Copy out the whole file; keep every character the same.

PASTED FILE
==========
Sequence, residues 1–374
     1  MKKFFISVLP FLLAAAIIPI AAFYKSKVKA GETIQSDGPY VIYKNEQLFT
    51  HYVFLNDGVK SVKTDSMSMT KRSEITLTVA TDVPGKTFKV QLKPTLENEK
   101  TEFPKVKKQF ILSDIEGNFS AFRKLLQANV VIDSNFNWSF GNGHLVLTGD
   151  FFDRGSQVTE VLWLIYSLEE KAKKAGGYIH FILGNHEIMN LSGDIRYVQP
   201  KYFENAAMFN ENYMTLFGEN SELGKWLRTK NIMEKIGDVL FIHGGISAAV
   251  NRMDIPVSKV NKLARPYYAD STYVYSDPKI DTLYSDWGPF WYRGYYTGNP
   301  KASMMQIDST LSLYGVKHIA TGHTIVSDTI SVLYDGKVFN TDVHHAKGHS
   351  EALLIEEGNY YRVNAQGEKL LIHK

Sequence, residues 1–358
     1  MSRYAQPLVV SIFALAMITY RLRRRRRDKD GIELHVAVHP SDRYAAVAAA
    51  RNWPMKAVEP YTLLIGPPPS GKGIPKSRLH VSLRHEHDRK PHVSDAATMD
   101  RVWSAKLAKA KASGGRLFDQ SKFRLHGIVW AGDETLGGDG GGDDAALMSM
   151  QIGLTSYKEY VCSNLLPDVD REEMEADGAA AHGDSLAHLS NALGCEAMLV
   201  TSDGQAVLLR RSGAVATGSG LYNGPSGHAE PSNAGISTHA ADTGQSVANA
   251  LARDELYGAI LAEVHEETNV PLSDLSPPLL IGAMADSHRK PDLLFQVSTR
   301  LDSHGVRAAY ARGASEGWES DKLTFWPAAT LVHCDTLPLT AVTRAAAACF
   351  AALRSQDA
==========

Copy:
Sequence, residues 1–374
     1  MKKFFISVLP FLLAAAIIPI AAFYKSKVKA GETIQSDGPY VIYKNEQLFT
    51  HYVFLNDGVK SVKTDSMSMT KRSEITLTVA TDVPGKTFKV QLKPTLENEK
   101  TEFPKVKKQF ILSDIEGNFS AFRKLLQANV VIDSNFNWSF GNGHLVLTGD
   151  FFDRGSQVTE VLWLIYSLEE KAKKAGGYIH FILGNHEIMN LSGDIRYVQP
   201  KYFENAAMFN ENYMTLFGEN SELGKWLRTK NIMEKIGDVL FIHGGISAAV
   251  NRMDIPVSKV NKLARPYYAD STYVYSDPKI DTLYSDWGPF WYRGYYTGNP
   301  KASMMQIDST LSLYGVKHIA TGHTIVSDTI SVLYDGKVFN TDVHHAKGHS
   351  EALLIEEGNY YRVNAQGEKL LIHK

Sequence, residues 1–358
     1  MSRYAQPLVV SIFALAMITY RLRRRRRDKD GIELHVAVHP SDRYAAVAAA
    51  RNWPMKAVEP YTLLIGPPPS GKGIPKSRLH VSLRHEHDRK PHVSDAATMD
   101  RVWSAKLAKA KASGGRLFDQ SKFRLHGIVW AGDETLGGDG GGDDAALMSM
   151  QIGLTSYKEY VCSNLLPDVD REEMEADGAA AHGDSLAHLS NALGCEAMLV
   201  TSDGQAVLLR RSGAVATGSG LYNGPSGHAE PSNAGISTHA ADTGQSVANA
   251  LARDELYGAI LAEVHEETNV PLSDLSPPLL IGAMADSHRK PDLLFQVSTR
   301  LDSHGVRAAY ARGASEGWES DKLTFWPAAT LVHCDTLPLT AVTRAAAACF
   351  AALRSQDA